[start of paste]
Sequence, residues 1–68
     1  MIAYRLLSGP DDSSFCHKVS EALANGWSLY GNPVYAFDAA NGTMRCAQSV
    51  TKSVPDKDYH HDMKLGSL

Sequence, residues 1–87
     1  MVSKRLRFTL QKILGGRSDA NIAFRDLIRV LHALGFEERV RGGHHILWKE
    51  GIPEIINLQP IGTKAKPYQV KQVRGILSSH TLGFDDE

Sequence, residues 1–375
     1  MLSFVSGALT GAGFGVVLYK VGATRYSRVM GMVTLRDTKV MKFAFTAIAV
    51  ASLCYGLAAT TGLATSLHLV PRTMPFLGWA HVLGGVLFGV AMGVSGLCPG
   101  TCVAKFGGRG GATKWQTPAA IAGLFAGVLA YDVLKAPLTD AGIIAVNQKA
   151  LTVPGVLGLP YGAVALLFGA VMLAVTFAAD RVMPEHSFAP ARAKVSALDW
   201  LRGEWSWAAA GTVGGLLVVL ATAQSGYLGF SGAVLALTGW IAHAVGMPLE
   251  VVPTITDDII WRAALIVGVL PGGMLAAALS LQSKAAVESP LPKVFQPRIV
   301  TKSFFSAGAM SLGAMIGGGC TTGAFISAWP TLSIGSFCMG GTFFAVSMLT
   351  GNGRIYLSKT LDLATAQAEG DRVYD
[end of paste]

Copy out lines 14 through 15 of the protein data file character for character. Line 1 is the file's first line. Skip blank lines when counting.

   301  TKSFFSAGAM SLGAMIGGGC TTGAFISAWP TLSIGSFCMG GTFFAVSMLT
   351  GNGRIYLSKT LDLATAQAEG DRVYD